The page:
Re-enactment and Wikipedia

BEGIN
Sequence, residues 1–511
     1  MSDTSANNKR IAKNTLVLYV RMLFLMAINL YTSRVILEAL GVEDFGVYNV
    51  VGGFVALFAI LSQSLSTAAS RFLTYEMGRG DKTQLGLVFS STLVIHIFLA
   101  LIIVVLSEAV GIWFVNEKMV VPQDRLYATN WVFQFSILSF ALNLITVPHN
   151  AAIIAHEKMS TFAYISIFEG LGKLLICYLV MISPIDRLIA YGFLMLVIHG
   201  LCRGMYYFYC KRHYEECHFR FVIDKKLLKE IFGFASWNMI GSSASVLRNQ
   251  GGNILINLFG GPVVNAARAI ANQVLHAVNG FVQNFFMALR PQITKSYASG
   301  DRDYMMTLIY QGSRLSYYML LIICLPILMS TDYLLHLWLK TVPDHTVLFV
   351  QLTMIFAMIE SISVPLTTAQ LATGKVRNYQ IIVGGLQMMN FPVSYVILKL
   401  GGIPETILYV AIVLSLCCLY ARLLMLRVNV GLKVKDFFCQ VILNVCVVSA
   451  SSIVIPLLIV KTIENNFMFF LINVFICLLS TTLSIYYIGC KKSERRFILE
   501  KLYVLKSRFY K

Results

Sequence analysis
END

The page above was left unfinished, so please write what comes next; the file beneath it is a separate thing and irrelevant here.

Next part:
I think historical re-enactment serves a purpose to attract crowds to historical places to put them, if only for a few moments, into the era they are learning and exploring. I remember watching a civil war union soldier demonstrate the different positions and instructions in rank and file movements at Fort Pulaski and other civil war forts around the south. Castile de San Marcos did a Spanish canon firing demonstration at the Castile every hour all in Spanish. These presentations were done by Park Service Interpretive Rangers, which had knowledge and history of the areas. Do I think that regular people who decide to do re-enactments are not qualified to do them? No. I think some of them really believe that it gives them a purpose in life and they take it to the next level by actually living the life style as authentically as possible. Re-enactment to me is no different than people who go to comic con dressing up to be their favorite super hero. I do think there is some differences in dressing up and re-enacting a historical event over a dressing up and being a super hero. But in the end, you are dressing up and pretending to be something you’re not, which allows people to escape their boring day jobs and do something they feel passionate about. Nick Kowalczyk article about being embedded with re-enactors says it best: “Like drag shows, re-enactments hinge on sartorial panache. If a man’s otherwise period-correct outfit includes modern-day buttons or eyeglasses, it might as well have come from K-mart.”[1] I feel that re-enactment is a worthy sub culture that does serve a purpose in some regards as long as it is historically correct.